A landmark discrimination lawsuit against a major technology company could have consequences for employers in Florida and across the country. According to the suit, tech giant Oracle has employed policies so discriminatory that it led to more than $400 million in lost wages for black, Asian, and female employees over a period of approximately four years.
Some tech workers in Florida may have faced workplace discrimination on the basis of race or sex. Following an investigation by the U.S. Department of Labor, the company Oracle is alleged by the DOL to have underpaid female, black and Asian employees by a total of $400 million over four years.
Employees who have experienced racial discrimination on the job in Florida could take legal action. However, finding justice could be a difficult process. Recently, one employee of Blizzard spoke out regarding the ongoing discrimination he experienced after he was hired on for a full-time position with the popular gaming company in 2016. The employee, a Mexican-American male, claims he was routinely singled out by a white female coworker due to his racial background.
Florida readers may be interested to learn that a former marketing vice president for L'Oréal Cosmetics has filed a lawsuit against the company over alleged racial discrimination. She also accused the beauty giant of fostering a toxic work environment.
Southwest Airlines, which serves many locations in Florida, is now the target of a racial discrimination lawsuit. A former employee has charged the airline with tolerating racial discrimination that contributed to his job loss. According to his court filings, his co-workers had a whites-only break room at the airport where he worked.
The Equal Employment Opportunity Commission has filed a lawsuit against Fanatics Inc. The litigation accuses the Florida-based athletic apparel company of harassment, racial discrimination and retaliation. The case is likely to attract a great deal of media attention as Fanatics is the world's largest seller of officially licensed sports merchandise and both the National Football League and Major League Baseball have invested in the company. The suit was filed on July 24 in the U.S. District Court for the Middle District of Florida.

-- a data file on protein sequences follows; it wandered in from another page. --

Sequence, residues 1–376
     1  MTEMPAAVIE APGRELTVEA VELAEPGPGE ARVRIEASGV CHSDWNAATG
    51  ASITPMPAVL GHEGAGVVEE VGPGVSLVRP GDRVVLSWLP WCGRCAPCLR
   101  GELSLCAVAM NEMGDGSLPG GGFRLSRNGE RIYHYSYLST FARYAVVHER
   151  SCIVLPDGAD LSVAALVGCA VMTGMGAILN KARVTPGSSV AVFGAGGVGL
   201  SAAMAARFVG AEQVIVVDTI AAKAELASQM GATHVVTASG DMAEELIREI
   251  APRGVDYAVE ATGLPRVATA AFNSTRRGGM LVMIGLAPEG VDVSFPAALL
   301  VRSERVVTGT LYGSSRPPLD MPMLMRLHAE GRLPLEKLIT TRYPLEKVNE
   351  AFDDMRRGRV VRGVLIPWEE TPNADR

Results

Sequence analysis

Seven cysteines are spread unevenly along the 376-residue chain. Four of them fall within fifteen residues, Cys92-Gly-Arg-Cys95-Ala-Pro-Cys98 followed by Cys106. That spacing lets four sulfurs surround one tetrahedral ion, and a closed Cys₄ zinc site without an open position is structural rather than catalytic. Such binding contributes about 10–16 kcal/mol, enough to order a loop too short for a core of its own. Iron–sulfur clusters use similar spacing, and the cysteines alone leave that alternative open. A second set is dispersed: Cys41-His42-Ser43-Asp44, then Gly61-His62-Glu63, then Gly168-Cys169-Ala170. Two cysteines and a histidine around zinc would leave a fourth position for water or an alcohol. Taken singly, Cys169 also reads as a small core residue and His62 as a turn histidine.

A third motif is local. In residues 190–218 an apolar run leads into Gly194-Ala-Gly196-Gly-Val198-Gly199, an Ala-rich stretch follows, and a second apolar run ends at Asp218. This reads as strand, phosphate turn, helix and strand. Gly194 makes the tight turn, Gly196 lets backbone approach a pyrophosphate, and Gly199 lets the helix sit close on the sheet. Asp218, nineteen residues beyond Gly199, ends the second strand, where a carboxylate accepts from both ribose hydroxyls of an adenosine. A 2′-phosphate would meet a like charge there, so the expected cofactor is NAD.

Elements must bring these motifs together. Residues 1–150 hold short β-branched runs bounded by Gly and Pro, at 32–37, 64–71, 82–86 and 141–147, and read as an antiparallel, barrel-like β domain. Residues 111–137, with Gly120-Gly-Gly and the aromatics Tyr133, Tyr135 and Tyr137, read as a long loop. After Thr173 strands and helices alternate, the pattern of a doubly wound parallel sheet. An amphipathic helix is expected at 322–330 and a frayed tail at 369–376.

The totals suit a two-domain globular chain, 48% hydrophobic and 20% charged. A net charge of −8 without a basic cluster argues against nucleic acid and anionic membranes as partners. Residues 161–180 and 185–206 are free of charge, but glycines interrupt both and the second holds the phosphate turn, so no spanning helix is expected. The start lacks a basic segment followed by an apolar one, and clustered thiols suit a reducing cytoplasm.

Florida cable viewers may be interested to learn that an African-American employee who once worked for TBS has filed a lawsuit against the company alleging racial discrimination. According to the woman, who was with the company for 13 years and was a manager in quality assurance, she was denied a promotion that was instead given to a white man who had fewer skills and was less qualified.
Florida readers may be interested to learn that a former Tesla employee has filed a class-action lawsuit against the automaker, claiming that the company's Fremont, California, factory is a "hotbed" for racial discrimination. The lawsuit was filed in Oakland on Nov. 13.
Very few employers openly maintain racially discriminatory policies on the books. Most have adapted to the demands of the Equal Employment Opportunity Act of 1972 and strive towards a workplace free from racism. Unfortunately, however, this law did not singlehandedly solve racism on the job. Discrimination simply takes on more insidious forms and hides behind pretenses of professionalism.
A recent analysis of hiring studies that went back to 1989 revealed ongoing discrimination among employers throughout Florida and the rest of the U.S. The researchers looked at 28 studies that compared the number of job interview callbacks to the number of applicants by race. They concluded that hiring discrimination against blacks had not eased in 25 years while Latinos had only made some modest gains with callback figures.